Ward Healer

Print More

Last June, City Limits published the observations of an undercover reporter sent in to document poor conditions at Woodhull Medical and Mental Health Center’s psychiatric unit. Since then, the Bushwick hospital has started making some major improvements.

But we didn’t get a thank-you card. Instead, we got a bill for $8,400–sent straight to our publisher.

Last January, City Limits reporter Kevin Heldman spent seven-and-a-half days posing as a mental patient at Woodhull. During his time inside the 133-bed facility, Heldman lived like any other patient, coping with lousy conditions and half-hearted care, and getting charged $1,400 a day. The bed frames were filthy. The walls and floor were stained with scum. The bathroom was flooded so often that patients had to lay bed sheets on the floor to soak up the water.

But perhaps the most annoying–and symbolic–part of life in the hospital was the nursing station. Caged in Plexiglas, nurses and doctors would spend most of their time inside the station, physically and emotionally barricaded away from the patients.

Now, the six stations are coming down. As part of a major renovation effort, the hospital is removing the Plexiglas cages. To fix the leaky toilets and showers, the bathrooms are being gutted and replaced. Hallways are being repainted and detailed with stenciling. Patients’ rooms are getting new paint and more shelving. Even the garden area is to be spruced up, with new benches and plants. Renovations for each unit will take about one month; the repairs are slated to be finished by March.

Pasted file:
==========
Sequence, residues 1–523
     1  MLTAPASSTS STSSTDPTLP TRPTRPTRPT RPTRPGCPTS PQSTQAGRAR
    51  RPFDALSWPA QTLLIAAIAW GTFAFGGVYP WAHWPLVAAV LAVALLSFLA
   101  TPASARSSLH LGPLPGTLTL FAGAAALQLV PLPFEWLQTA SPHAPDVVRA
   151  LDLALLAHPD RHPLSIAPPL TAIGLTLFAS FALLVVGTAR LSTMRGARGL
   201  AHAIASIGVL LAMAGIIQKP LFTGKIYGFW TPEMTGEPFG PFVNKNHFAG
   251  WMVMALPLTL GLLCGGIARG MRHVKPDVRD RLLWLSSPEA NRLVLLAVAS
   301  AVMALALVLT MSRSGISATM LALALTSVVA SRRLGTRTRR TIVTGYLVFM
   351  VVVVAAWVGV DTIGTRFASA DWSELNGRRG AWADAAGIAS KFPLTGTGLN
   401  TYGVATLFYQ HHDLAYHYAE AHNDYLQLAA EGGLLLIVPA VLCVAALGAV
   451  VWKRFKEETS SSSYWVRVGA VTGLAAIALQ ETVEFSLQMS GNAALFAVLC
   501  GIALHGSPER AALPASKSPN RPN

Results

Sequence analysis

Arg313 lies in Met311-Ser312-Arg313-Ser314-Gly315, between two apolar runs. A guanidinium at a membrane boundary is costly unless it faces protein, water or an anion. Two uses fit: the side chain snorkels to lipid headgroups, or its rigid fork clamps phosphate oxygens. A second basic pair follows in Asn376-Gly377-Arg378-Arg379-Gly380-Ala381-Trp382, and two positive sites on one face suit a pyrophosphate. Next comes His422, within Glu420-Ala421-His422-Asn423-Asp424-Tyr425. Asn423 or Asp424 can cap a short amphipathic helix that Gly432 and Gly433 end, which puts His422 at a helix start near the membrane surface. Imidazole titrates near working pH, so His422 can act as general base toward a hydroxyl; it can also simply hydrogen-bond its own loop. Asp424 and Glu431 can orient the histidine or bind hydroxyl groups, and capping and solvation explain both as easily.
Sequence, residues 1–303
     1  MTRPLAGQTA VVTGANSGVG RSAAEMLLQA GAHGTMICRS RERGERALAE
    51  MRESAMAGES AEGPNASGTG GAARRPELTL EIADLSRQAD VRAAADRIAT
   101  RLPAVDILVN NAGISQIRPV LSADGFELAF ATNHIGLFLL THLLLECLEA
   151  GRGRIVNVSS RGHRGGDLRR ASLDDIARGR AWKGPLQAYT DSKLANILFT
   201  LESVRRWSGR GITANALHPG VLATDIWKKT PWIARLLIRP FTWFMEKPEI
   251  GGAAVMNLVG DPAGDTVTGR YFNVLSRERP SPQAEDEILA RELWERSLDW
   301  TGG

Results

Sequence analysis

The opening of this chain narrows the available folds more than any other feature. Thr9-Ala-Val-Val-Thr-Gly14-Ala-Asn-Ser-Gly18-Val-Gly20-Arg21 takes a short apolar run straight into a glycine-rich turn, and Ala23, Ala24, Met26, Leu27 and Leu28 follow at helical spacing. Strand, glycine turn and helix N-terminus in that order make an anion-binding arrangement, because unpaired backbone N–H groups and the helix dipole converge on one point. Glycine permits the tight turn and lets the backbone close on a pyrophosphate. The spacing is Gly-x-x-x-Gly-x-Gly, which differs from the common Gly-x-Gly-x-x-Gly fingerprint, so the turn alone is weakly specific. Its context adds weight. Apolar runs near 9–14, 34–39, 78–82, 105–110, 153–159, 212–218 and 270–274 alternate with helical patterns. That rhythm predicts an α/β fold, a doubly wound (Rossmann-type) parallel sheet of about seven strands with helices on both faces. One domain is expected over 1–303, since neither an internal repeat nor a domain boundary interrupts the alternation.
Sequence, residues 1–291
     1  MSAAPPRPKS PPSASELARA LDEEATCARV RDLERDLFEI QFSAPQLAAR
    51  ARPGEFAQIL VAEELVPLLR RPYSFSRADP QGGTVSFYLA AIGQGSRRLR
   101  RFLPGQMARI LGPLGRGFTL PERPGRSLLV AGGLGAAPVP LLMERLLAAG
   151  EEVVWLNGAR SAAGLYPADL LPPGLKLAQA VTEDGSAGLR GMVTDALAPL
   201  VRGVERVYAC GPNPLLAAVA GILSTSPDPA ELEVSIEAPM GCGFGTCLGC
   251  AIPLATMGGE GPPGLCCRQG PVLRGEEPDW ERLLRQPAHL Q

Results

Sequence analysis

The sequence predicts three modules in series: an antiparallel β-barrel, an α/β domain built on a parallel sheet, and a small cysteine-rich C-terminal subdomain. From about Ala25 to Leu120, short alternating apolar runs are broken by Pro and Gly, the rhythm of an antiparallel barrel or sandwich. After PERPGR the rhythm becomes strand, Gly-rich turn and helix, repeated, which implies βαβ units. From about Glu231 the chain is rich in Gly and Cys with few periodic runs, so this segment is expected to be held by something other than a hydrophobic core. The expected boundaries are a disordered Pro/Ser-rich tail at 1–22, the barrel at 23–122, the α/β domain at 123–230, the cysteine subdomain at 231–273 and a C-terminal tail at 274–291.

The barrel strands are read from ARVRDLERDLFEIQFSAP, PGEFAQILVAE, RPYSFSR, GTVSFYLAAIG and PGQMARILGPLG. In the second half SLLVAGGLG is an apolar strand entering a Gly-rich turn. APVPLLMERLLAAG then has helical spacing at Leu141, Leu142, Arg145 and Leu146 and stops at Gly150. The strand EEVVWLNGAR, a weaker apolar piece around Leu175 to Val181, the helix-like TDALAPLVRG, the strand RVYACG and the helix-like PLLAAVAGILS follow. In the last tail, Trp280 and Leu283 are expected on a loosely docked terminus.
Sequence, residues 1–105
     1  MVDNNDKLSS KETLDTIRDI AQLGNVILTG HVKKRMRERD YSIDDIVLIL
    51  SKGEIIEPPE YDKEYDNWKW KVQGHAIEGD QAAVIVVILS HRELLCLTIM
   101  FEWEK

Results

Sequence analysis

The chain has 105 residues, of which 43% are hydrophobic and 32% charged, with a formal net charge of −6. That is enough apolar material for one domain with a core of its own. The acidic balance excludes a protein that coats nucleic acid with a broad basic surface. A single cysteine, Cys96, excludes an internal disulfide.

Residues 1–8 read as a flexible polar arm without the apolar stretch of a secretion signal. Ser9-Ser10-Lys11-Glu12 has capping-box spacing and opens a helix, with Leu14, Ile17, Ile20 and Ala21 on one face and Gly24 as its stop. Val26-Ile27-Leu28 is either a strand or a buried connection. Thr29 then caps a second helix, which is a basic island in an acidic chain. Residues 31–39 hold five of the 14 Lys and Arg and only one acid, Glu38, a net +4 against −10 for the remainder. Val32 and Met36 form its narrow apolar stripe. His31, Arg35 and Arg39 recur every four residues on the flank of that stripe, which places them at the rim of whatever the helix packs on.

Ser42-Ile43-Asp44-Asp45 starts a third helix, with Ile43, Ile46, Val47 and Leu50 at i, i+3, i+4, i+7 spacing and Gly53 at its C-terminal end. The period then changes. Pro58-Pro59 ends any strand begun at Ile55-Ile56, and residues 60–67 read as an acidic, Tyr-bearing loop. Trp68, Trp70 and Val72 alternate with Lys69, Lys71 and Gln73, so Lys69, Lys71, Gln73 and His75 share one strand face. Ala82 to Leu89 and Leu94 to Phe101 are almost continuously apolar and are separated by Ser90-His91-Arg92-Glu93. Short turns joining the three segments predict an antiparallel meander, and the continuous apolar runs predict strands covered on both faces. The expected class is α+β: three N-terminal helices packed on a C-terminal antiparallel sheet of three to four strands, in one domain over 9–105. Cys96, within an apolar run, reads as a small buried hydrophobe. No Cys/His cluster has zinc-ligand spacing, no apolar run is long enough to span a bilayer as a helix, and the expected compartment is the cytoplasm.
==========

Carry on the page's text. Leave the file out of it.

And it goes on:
Attorney Perry Habib, who represents Woodhull patients for the state-run Mental Hygiene Legal Services, says the changes have already improved the quality of life on the ward. “From my eye, it seems more pleasant. There’s a feeling of openness, less of a fortress mentality,” says Habib.

Hospital officials wouldn’t confirm whether the sudden spate of renovations is in response to the article, which garnered accolades from the American Psychiatric Association and won a letter of praise from noted neurologist Oliver Sacks. But back in May, Woodhull executive director Cynthia Carrington-Murray promised City Limits that the problems we uncovered would be investigated and addressed. “We’re looking into the allegations in the article,” Carrington-Murray said. “We’re looking at what we have done and what we plan to do. Some of it is worth looking at. We’re meeting with staff to identify the things we need to work on.”

But even though the press office couldn’t tell us who was responsible for the renovations, their billing department knew what the article was worth: $8,400 for Heldman’s seven-and-a-half days.

Leave a Reply

Your email address will not be published. Required fields are marked *